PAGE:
It doesn’t look like a death camp today, but that’s what it was. People were sent here to be murdered.
Our headphones allow us to hear our guide.
She was matter-of-fact in her descriptions of atrocities.
This is where those who were to be worked to death were separated from those who were to die immediately.
These cans contained the poison pellets which became zyklon gas.
Barbed wire fences and watchtowers.
We saw bales of human hair, mountains of shoes and luggage, bushel baskets full of eyeglasses, just heartbreaking stuff.
Some slept on the floor in pallets.
While others slept on straw.
Hall after hall of photos of the murdered.
This street seems appropriately desolate and ghostly.
They’ve done a good job of restoration here. It is compulsory for all Polish students to tour Auschwitz. Same for German students. The place is crawling with tourists, but they aren’t having a good time as tourists usually do. There were lots of sober faces.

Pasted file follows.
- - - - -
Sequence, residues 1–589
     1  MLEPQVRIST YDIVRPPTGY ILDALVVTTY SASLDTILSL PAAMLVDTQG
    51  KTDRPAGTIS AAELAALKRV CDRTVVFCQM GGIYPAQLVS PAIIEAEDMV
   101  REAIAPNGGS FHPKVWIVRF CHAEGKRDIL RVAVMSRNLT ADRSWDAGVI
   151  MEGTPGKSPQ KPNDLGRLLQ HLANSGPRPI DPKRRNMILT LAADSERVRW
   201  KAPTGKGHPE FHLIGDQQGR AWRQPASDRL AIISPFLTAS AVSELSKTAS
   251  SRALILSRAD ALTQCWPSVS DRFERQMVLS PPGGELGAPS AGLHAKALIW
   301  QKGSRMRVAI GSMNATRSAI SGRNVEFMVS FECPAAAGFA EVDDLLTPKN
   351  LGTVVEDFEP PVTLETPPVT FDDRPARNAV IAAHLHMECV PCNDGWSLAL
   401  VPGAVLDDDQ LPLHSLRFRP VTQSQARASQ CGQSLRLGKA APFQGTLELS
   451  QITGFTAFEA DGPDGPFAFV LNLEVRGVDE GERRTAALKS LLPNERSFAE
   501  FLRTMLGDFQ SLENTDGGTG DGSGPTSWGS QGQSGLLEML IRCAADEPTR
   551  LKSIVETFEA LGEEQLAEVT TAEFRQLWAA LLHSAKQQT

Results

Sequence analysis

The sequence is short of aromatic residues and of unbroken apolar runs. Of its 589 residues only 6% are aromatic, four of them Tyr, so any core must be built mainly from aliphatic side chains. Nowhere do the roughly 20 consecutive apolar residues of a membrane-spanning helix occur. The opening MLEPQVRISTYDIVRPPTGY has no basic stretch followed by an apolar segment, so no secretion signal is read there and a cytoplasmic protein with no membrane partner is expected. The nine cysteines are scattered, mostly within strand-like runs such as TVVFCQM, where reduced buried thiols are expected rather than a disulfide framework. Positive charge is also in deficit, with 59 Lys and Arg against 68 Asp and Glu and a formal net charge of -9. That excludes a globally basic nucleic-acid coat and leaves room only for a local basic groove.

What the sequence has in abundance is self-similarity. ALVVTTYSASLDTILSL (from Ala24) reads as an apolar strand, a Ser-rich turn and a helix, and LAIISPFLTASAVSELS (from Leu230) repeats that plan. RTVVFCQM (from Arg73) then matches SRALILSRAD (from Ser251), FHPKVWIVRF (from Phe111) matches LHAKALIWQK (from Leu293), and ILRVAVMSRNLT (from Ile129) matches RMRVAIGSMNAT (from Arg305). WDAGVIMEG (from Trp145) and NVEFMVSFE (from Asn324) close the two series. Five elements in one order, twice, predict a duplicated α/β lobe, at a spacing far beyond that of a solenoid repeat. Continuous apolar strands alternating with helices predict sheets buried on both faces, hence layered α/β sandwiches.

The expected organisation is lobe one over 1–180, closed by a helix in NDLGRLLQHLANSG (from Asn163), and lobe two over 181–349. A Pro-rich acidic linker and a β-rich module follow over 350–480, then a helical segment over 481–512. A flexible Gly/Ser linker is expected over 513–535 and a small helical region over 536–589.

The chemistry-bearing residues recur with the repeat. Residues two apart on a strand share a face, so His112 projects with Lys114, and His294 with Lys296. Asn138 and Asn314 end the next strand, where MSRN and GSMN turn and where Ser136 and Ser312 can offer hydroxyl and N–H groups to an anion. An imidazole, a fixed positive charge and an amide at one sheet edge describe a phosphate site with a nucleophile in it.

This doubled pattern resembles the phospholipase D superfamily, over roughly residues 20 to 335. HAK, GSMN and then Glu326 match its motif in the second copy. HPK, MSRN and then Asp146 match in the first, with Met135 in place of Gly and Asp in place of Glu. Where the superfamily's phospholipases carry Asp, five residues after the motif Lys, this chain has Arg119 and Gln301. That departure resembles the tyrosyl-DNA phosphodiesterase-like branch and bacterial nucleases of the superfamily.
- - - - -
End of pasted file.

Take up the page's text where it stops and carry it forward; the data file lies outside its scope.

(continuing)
Prisoners were tortured by hanging from these posts.
Another guard tower.
I did take some satisfaction in seeing this. It’s the scaffold where Rudolph Hess, the first commandant of Auschwitz, was hanged after the war for his crimes.
The most notorious commandant of Auschwitz was Rudolph Höss. Upon his capture after the war, his trial lasted from 11 to 29 March 1947. Höss was sentenced to death by hanging on 2 April 1947. The sentence was carried out on 16 April next to the crematorium of the former Auschwitz I concentration camp. He was hanged on a short-drop gallows constructed specifically for that purpose, at the location of the camp's Gestapo. The message on the board that marks the site reads:
This is where the camp Gestapo was located. Prisoners suspected of involvement in the camp's underground resistance movement or of preparing to escape were interrogated here. Many prisoners died as a result of being beaten or tortured. The first commandant of Auschwitz, SS-Obersturmbannführer Rudolf Höss, who was tried and sentenced to death after the war by the Polish Supreme National Tribunal, was hanged here on 16 April 1947.